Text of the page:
But ask her sometime: how old would your child be now? And she'll know.
- Barbara Kingsolver

I thought what Ms. Kingsolver said couldn't be more true. Our little boy would be turning 7 months this month, and there is not a day that goes by that I don't think of him. 

I titled this post "Breathe" because that is something I forgot to do this past year. I know I didn't take a real breath until Hazel was born. I mean a real honest breath. I had been holding it in since we found out we were pregnant again. I didn't even realize I was, until she was here. I know her and I took our first breath together. 

I had an easy pregnancy with Hazel and I really enjoyed it, but I never let myself truly enjoy it the way I did with BabyV. I do want to let everyone out there know that I always had a name for BabyV, but that name is for me alone. I keep it to myself because saying it out loud is too painful. It's not a name I will give to our other children because it belongs to him. One day I may share, but for now it's just for me and BabyV. 

When Joe and I found out we were pregnant with BabyV, I was ecstatic. I knew we would wait to tell the world until we hit the 12-week mark just as a precaution, but I remember thinking it was a silly precaution. I wanted everyone to know and to share in our joy. I know I was walking on air in those early days. I did what every newly pregnant mama does - I pictured what this little baby would look like thinking would it be a boy or girl. I immediately started thinking of names, and what the nursery would look like, and I got to reading about what our little baby was up to inside the womb. It was an amazing feeling and I'm thankful that I felt it. 

When Joe and I got the news that there were some problems with the baby it was immediately after we shared our joyous news with the world. I mean that literally. We told the world, and then went to PA for a family visit and that's when everything started to change. I had some spotting, so we took a trip to the ER and found out the baby was doing OK, but that I could lose the baby. I remember thinking, they have to say that because they didn't find anything medically wrong. BabyV's heartbeat was strong and he was moving and shaking in there. I got home and  had a check up a week later and that's when we were told the blood work wasn't looking good. I couldn't believe what I was hearing. The wind had been knocked out of me and I was back on the ground quite bruised from my fall. I knew immediately we were not going to keep this baby. I worked hard to keep positive and continue like it would work out, but I always knew we would never know BabyV on the outside.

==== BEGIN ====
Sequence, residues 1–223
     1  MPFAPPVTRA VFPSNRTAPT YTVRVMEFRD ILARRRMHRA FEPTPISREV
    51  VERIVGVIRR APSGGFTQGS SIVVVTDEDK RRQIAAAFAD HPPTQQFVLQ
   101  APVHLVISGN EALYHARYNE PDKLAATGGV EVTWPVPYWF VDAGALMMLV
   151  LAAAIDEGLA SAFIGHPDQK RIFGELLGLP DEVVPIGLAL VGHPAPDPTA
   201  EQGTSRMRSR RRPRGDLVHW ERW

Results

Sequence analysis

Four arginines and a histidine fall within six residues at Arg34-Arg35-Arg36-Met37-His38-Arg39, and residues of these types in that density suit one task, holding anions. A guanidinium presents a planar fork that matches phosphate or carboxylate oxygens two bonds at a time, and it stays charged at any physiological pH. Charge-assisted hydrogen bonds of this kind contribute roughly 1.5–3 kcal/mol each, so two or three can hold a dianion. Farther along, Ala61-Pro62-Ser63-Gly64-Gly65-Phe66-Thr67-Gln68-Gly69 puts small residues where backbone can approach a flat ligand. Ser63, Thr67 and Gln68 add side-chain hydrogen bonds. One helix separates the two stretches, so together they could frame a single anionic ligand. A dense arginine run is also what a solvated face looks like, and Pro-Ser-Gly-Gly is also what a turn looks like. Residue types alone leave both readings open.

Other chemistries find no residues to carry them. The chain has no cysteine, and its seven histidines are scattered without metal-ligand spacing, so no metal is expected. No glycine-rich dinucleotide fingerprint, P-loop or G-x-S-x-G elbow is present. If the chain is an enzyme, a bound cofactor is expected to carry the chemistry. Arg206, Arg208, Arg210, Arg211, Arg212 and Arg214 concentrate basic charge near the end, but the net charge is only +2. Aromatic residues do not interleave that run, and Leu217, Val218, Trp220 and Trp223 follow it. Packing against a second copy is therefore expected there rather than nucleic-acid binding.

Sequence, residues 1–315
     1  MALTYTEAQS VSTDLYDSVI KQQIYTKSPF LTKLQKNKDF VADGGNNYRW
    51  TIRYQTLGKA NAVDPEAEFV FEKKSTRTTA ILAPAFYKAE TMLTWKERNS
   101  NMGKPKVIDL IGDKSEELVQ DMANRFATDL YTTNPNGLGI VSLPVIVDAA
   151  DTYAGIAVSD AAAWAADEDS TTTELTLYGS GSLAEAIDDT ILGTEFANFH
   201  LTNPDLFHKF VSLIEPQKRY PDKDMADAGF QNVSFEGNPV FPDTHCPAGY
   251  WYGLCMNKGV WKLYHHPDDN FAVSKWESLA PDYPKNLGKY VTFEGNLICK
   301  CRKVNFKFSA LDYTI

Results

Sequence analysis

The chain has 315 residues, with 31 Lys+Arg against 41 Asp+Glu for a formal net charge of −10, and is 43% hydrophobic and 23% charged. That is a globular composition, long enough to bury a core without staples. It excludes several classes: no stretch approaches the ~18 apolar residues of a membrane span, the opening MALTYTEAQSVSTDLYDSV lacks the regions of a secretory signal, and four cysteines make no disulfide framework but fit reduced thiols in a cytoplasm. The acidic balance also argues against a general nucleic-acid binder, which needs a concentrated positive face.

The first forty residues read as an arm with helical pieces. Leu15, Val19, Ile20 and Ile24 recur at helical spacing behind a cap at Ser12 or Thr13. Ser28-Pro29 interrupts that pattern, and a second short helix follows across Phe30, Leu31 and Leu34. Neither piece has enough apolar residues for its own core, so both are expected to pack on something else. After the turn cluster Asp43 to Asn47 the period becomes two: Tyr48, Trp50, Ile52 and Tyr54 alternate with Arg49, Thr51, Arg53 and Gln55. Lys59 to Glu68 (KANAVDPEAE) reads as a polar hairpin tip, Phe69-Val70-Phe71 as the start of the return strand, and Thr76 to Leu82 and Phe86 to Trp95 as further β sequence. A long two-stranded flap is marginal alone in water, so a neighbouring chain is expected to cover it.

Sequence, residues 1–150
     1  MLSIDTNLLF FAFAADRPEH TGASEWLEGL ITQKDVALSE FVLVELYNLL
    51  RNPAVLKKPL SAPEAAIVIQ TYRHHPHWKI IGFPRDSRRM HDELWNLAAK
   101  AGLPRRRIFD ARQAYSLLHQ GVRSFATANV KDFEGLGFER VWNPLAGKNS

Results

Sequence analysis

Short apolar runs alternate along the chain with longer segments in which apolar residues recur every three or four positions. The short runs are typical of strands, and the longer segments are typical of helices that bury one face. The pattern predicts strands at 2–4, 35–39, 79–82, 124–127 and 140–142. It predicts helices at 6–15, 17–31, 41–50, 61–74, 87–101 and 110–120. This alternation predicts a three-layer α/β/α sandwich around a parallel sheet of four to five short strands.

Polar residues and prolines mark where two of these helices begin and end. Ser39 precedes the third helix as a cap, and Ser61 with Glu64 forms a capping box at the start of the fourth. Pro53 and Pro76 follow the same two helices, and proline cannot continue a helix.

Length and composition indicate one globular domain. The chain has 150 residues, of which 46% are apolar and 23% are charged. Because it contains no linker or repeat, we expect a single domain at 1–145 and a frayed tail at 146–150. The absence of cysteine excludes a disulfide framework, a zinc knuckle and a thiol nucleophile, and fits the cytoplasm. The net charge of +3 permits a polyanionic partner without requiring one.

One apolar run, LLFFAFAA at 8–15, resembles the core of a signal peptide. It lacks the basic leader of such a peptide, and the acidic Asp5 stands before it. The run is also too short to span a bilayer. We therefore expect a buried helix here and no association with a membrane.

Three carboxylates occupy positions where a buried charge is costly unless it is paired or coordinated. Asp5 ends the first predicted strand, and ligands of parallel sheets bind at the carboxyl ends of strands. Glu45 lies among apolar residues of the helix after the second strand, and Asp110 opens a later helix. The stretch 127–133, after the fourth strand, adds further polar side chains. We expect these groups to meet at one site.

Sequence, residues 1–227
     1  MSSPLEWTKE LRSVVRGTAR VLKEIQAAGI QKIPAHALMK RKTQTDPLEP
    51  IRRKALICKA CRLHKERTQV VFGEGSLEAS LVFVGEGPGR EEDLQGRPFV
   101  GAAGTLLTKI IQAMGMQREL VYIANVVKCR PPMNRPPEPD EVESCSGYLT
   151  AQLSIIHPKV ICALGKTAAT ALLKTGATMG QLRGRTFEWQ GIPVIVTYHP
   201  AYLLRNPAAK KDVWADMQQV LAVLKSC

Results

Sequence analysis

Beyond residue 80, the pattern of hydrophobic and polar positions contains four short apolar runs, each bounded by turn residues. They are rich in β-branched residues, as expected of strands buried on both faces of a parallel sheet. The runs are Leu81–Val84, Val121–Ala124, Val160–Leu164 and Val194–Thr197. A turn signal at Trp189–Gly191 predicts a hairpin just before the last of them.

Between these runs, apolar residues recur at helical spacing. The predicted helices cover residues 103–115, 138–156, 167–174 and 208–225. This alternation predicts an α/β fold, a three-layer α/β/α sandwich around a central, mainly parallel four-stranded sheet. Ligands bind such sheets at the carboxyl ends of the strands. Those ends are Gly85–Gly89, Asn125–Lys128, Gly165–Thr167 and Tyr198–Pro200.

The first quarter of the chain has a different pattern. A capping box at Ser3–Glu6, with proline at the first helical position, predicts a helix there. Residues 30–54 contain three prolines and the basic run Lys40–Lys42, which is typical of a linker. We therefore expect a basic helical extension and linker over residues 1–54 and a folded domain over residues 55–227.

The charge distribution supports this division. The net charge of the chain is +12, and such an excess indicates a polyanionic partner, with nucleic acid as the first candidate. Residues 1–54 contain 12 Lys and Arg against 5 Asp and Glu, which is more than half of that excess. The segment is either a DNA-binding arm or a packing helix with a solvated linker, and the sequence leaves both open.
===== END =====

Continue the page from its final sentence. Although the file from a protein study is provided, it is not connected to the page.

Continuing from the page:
I'm a planner and I had not planned for this. I never even let myself think for one moment that this could happen. The funny thing is before I got pregnant I did think about miscarriage as a reality, but once I was pregnant I had the gall to think it would never happen to me. 

When our pregnancy was finally over I never imagined we would get pregnant again so quickly. The initial shock helped with some of the mourning, but soon I found myself a worried mess. I was angry that I couldn't enjoy this pregnancy the way I had the last. I was angry that I'll never be able to enjoy a pregnancy like I did with my first. I can guarantee that all women who have lost a baby feel they can never relax during their next pregnancies. It doesn't mean it's not a joyful time, we just know that this little life can be gone in a moment. 

It's amazing to me that I can still be grieving the loss of BabyV as I sit here with Hazel sleeping soundley on my chest. The day we brought her home from the hospital I cried and cried and cried. I was practically inconsolable. I talked with my sister-in-law about it and she told me;

You can try to be cool and blame it on hormones... But you've waited a long time for that little girl. You love her too much to contain it.  You have to cry. You have no choice. 

Man was that true! I know the entire pregnancy I never thought we'd be bringing her home. I wanted her home more than anything, but I didn't think it would happen. Every appointment was worse than the last because I just kept waiting for them to find something wrong. When we finally walked in the door with our baby I just lost it. All that time, all that energy, all that grief just came pouring out. 

I didn't write this to keep picking at the wound. I wrote this because BabyV is an important part of my life. I wrote this because losing a child is hard, and some people still squirm when I bring it up. And I wrote this because even though miscarriage is a natural and common event, I did know and love what I had. At one time I had a little boy and I loved him. 


Here's some memories from our short time with BabyV

8 weeks
10 weeks

8 weeks

13 weeks
16 weeks

14 weeks

12 weeks
14 weeks